The Central Virginian

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Disputed bill would allow IDA to run Louisa’s airport

Posted on Wednesday, December 7, 2016 at 8:00 am

A bill that De. Peter Farrell plans to introduce to the General Assembly would legalize the IDA's ownership of Louisa's  airport.

A bill that De. Peter Farrell plans to introduce to the General Assembly would legalize the IDA’s ownership of Louisa’s airport.

The feud over whether the Louisa County Industrial Development Authority has control of the airport will go back to the Virginia General Assembly in January.

The IDA has been in a tangle with the county’s board of supervisors about the airport for over two years. In 2016 the board refused to help the IDA pay for airport-related expenses, though it had in the past.

Now Del. Peter Farrell has been tasked with trying to carry a bill in the next General Assembly session that would make it clear the IDA has the power to own and operate an airport.

Farrell introduced a similar bill in January 2016, but withdrew it almost immediately. The bill had the support of the IDA, but not the supervisors.

This time around, Farrell will present two bills for his fellow state legislators to consider. One is tailored to allow any locality’s industrial development arm to run an airport. The other would allow it only in Louisa.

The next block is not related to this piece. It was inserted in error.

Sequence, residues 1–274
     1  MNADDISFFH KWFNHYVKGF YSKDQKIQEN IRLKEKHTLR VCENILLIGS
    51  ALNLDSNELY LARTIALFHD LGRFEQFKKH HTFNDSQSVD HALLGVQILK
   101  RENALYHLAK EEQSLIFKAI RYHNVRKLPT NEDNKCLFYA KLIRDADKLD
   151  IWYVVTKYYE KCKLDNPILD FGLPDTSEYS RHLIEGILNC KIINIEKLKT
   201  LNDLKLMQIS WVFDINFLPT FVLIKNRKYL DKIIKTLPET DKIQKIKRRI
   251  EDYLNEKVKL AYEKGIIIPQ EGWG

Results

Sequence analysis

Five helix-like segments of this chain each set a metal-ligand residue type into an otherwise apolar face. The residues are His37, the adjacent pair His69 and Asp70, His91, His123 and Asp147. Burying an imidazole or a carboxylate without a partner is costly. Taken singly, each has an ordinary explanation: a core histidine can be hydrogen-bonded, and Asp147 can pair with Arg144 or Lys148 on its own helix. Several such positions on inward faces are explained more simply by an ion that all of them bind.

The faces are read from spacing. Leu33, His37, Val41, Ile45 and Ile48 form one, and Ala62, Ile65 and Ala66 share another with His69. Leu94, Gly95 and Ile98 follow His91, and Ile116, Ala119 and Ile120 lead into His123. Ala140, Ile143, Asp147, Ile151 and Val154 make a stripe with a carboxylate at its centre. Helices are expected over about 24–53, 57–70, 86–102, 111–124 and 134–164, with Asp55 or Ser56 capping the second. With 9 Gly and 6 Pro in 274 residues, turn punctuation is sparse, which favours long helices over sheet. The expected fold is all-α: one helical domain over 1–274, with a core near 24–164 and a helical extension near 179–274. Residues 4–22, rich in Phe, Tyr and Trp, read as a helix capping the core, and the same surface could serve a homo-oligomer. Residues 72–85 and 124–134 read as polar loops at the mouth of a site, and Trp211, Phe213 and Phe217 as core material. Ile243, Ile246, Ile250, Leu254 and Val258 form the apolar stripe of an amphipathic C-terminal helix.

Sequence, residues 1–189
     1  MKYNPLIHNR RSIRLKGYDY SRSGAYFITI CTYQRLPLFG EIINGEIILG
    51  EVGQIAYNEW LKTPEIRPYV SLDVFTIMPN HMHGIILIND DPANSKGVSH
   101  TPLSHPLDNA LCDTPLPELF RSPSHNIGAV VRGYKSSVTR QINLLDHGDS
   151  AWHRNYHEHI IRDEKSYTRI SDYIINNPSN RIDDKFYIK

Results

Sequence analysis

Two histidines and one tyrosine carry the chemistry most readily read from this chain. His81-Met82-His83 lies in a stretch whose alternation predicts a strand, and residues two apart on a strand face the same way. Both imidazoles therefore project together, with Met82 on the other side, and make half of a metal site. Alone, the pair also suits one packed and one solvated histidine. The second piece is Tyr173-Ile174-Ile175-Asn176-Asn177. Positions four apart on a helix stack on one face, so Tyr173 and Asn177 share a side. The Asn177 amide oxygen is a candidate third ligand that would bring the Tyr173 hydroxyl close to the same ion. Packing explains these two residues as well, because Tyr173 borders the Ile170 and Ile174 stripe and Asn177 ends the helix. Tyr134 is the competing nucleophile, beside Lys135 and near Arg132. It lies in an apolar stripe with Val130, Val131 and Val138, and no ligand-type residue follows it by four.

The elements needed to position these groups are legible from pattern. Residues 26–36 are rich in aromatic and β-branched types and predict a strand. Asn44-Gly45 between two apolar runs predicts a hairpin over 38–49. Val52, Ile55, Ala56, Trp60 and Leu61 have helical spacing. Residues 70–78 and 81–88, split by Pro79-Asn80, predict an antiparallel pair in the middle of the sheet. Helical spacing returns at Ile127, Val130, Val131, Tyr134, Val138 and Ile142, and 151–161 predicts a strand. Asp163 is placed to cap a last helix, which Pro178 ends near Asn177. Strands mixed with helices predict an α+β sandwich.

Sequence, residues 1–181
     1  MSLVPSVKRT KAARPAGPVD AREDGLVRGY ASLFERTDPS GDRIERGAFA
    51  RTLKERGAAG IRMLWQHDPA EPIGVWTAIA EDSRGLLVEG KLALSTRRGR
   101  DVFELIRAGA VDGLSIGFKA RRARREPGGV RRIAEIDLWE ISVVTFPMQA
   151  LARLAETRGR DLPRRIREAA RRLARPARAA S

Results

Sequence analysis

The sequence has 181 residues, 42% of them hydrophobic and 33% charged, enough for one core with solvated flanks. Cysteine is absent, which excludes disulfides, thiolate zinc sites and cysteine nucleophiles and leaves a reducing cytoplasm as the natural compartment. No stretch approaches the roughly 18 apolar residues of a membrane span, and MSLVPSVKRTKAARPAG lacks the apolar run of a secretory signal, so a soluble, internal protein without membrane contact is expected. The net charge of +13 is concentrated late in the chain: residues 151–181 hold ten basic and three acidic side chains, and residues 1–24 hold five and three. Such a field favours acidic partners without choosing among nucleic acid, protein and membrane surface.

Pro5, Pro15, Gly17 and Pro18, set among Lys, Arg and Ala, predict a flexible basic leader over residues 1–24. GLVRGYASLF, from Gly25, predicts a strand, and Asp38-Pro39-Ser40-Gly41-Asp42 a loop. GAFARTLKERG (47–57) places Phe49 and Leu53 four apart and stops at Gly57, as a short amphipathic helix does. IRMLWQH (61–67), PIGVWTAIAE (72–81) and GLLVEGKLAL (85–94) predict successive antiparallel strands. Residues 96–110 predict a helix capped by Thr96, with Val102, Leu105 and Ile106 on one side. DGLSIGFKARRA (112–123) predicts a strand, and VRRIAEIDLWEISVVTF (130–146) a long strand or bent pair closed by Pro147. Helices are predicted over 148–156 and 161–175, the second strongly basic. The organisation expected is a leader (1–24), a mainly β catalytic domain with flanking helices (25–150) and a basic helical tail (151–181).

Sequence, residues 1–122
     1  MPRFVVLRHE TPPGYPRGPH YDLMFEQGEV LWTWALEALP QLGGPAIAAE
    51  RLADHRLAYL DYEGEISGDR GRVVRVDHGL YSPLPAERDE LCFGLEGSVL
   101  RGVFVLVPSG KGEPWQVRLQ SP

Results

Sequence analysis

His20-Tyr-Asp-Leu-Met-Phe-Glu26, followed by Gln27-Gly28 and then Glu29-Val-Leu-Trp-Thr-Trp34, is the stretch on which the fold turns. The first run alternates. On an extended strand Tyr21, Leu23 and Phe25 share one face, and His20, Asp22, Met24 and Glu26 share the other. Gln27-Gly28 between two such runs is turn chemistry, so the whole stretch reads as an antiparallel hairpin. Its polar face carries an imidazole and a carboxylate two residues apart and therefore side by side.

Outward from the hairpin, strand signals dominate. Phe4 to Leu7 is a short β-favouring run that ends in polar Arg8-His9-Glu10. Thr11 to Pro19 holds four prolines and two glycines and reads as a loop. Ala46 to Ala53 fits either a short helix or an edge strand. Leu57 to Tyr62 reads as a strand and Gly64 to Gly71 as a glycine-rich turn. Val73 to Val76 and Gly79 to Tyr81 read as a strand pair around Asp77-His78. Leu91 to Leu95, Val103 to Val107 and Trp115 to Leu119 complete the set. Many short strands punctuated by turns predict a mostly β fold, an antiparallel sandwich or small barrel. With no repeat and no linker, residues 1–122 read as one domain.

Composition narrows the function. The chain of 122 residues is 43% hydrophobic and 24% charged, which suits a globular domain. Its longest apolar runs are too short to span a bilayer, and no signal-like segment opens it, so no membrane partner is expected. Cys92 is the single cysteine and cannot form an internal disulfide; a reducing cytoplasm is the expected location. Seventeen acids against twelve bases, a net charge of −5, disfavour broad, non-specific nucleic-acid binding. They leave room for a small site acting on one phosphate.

It’s difficult to know before Farrell discusses the bills with fellow state legislators whether either bill can win support. Some may want the option for their own industrial authorities to operate airports, but others may not.

What is clear is that some IDA officials sharply disagree with some of the language in the Louisa-specific document.

The seven-member IDA board voted on Oct. 20 to oppose a provision that says “Louisa County may appoint directors to serve at the pleasure of its board of supervisors.”

Graven Craig, the IDA’s counsel, said in a written opinion that those words would be a problem for agencies that issue bonds to allow the IDA to carry out economic development projects, by implying that the board members have no power of their own and serve mainly to do what the supervisors want.

To read the entire story, see the Dec. 1 edition of The Central Virginian.


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